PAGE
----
What I find interesting is that he doesn’t worry about finishing a poem in a timely fashion; workshop leaders and writing teachers often tell students that the most important thing is to work on a piece while it’s fresh, get through the drafts and try to nail it while you’re still in the throes of the idea. Simic seems to see writing as more of a lifetime commitment, with old ideas safely set down in notebooks to return to and draw from. I like the idea of this well of images and thoughts, there to sip or dip into.

Depending on the poem, there may be some benefit to getting a draft finished and revising it while it’s new, but I think going back to revisit a poem after getting some distance can be useful, too. Maxine Kumin said something similar in an interview printed in a book called To Make a Prairie, but instead of notebooks she keeps a box of abandoned poems she calls her bone pile, and looks through it for what can be taken and used anew. Renewing a conversation with old ideas seems like a good practice, to see what might evolve, as Simic says, from this raw material. Looking over what was important at another point in one’s writing life could lead to new connections.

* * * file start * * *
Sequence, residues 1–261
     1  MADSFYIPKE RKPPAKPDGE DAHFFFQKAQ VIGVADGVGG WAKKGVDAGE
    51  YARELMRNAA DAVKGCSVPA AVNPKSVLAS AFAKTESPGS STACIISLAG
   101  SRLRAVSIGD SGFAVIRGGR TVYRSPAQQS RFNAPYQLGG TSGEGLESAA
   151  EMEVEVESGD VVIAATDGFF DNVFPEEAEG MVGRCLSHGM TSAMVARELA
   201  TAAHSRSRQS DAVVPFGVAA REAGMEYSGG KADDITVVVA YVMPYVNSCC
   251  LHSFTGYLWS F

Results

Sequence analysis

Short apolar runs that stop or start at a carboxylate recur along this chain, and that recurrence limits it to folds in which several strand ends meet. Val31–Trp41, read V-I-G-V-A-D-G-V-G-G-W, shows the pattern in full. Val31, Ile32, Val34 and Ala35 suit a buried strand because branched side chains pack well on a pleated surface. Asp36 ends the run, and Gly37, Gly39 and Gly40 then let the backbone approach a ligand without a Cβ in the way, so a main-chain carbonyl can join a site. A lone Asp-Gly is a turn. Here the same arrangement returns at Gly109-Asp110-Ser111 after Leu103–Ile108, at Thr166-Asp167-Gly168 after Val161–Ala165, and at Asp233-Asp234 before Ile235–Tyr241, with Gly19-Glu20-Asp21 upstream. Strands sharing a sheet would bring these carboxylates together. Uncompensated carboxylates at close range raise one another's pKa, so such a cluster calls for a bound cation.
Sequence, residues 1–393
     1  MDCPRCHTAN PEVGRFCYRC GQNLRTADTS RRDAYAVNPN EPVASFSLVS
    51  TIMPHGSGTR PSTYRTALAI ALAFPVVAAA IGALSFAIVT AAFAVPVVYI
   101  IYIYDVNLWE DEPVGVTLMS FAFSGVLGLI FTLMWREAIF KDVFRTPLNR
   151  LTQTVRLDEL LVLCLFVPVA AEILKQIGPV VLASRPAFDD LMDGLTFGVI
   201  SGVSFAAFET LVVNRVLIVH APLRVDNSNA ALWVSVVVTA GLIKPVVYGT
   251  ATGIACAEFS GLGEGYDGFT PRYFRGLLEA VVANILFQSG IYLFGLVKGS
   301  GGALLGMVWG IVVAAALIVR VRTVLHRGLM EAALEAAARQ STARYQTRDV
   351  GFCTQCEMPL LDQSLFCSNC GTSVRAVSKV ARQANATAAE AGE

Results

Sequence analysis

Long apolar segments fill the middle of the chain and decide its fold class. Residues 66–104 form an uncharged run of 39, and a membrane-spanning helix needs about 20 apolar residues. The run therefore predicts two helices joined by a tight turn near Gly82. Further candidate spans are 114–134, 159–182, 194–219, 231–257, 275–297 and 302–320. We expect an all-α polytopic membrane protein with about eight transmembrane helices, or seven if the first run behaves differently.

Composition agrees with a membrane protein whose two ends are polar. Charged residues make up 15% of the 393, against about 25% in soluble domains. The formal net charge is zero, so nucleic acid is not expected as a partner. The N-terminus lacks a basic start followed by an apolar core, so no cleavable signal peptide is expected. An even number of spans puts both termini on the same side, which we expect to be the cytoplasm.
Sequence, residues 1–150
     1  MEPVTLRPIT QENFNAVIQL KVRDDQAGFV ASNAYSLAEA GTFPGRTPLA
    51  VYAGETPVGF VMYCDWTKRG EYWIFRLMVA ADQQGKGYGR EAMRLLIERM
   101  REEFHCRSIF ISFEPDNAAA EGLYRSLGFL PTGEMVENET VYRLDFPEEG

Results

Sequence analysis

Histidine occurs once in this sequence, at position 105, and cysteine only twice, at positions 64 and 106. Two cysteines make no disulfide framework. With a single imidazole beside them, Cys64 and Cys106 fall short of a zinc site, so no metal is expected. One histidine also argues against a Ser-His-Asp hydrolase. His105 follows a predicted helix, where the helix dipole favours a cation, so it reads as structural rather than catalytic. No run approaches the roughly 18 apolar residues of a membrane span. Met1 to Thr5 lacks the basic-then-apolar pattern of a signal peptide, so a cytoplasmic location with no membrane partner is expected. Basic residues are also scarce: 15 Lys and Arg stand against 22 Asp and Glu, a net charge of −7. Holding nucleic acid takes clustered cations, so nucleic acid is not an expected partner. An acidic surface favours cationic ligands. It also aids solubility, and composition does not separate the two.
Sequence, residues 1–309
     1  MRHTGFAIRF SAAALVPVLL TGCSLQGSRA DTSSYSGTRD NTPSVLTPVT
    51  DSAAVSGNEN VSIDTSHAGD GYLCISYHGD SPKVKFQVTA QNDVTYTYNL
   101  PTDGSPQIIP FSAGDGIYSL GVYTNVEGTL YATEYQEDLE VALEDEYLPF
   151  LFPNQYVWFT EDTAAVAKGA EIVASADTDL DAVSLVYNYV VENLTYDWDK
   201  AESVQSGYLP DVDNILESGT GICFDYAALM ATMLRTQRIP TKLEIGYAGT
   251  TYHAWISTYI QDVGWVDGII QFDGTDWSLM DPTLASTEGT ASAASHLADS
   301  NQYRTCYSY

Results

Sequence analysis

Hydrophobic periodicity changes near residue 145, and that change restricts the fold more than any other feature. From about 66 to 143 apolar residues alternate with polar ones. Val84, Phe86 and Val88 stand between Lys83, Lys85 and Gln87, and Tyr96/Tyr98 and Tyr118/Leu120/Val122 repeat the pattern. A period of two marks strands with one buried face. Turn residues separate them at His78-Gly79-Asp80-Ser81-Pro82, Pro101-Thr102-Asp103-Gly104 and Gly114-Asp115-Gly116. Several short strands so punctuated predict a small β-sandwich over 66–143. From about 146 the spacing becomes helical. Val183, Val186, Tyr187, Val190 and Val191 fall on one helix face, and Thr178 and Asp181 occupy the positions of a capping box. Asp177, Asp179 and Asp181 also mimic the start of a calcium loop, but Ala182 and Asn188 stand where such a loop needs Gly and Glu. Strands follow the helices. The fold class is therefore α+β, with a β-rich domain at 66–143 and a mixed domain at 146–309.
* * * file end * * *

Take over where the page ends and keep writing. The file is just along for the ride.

Simic closed with a poem I heard him read on a poetry podcast, In the Planetarium, another witty examination of modern life. He remarked before he read the poem that today, you don’t have to travel any farther than the nearest planetarium to see the stars from any earthly vantage point, and this seemed to tickle him. It’s this combination of close observation and humor, along with Simic’s spare, fresh imagery, that makes his poetry appealing even when you aren’t quite sure where it’s taking you.

Poets three, poets fascinating, poets brilliant — Kumin, Hall, and Simic, poets to read and savor, at different times and for different reasons, poets from the place that feels like home to me even though I am not “from” here. Perhaps another reason I enjoy these poets is that they each came to live in New Hampshire in adulthood, like I have. It’s a good place for writers. Now if you’ll excuse me, I am going to go drink a glass of water.

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After a hiatus during our move and the holidays, the bookconscious family has returned to our ongoing exploration of the countries of the world. We began enjoying a “country of the month” when the children were small, and over the years this has evolved into a regular part of our life learning together, in some variation.